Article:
The Managing Director of the Nigeria Inland Waterways Authority (NIWA), Mr George Moghalu on Sunday announced that plans for the concession of the Onitsha River port were at an advanced stage.
Moghalu spoke during a meeting of the NIWA management and the business community in Onitsha, tagged; the economical viability of Onitsha river port.
He said the meeting was held to assure the people that with the arrival of the first-ever barge in the port, 42 years after its creation, the authority is working to ensure that the port is concessioned.
“We are now more determined than ever to make the waterways navigable to facilitate marine transportation across the country.
“In view of the growing transportation need, particularly moving bulk commodities, containerised produce into the hinterlands, our country needs to focus on the development and harness the benefits of inland Waterways.
“The process to get Onitsha River Port as a port of final destination is on. The concession arrangement has gone far. When it becomes a port of final destination, what it means is that you can send your goods straight from China or any part of the world to Onitsha and also do the paper works and also clear it in Onitsha,” he explained.
Moghalu noted that with the arrival of the first barge in the Onitsha Port, he will ensure that the plan to concession is followed up as it would decongest the road, reduce accident and create more jobs among other benefits.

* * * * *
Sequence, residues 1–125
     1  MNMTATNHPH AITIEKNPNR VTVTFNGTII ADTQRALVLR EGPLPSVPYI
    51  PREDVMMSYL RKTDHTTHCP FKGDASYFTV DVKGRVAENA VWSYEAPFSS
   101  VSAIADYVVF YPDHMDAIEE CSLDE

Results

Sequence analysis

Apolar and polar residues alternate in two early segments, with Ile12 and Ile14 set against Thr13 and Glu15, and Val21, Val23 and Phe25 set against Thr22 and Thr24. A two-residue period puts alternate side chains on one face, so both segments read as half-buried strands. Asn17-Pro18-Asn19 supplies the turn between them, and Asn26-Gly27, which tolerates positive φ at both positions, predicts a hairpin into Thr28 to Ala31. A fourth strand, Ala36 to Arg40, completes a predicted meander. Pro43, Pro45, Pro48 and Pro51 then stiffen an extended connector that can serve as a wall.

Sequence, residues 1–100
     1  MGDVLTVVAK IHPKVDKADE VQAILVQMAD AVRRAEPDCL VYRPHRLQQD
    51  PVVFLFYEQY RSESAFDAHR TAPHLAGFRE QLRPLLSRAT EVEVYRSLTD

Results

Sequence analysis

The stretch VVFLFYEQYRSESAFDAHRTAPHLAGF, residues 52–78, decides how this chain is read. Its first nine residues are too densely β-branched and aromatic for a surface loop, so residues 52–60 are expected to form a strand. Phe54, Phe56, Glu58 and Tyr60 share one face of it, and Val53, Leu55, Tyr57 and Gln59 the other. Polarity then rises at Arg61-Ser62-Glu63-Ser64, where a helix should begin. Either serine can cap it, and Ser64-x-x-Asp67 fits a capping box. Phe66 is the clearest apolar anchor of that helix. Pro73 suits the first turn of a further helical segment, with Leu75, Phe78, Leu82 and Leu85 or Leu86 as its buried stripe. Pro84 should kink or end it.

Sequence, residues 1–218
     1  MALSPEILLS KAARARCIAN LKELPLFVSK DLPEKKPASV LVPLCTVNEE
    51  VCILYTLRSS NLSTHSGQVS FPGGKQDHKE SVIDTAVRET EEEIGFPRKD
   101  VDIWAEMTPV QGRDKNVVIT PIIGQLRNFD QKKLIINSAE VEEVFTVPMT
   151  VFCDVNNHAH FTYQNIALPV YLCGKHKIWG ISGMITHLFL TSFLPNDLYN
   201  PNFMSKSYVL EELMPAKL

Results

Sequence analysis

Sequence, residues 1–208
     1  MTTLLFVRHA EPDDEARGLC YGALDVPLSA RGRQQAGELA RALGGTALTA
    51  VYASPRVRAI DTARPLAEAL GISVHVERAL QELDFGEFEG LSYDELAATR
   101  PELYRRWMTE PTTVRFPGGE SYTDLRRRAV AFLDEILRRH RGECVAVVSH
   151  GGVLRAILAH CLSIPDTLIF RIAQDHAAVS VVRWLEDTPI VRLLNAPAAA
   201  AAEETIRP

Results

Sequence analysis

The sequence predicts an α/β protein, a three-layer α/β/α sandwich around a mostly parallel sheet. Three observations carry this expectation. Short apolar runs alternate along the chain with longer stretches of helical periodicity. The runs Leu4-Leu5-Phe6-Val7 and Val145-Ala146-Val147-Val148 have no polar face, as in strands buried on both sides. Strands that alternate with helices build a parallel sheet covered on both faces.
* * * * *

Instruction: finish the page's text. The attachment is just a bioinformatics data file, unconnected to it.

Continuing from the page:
“We have it on good record that most of the barges coming into the country are from the South East. We receive over three million containers in this part of the country every year. What it means is that if the Onitsha Port become fully operational, three million trailers carrying containers would be off the road,” he said.
The ecstatic traders recalled that the troubles faced by an average importer in the south-east have hindered their growth.
Speaking on behalf of the Onitsha business community, chairman of Onitsha chamber of commerce, mines and industry, Mr Chris Ukachukwu said the future of Onitsha port is very important to traders in the zone.
“We have been looking for ways to seek full utilization of the port, and it is with joy that we welcome the berthing of a barge in Onitsha port from Onne port.
“We call on the government to intensify efforts to make the port fully operational as it would reduce traffic on the road, create employment and make Onitsha economically viable again. Of all the economic hubs left for us by the colonial masters, only Onitsha has remained held down. We call on the government to speed up plans.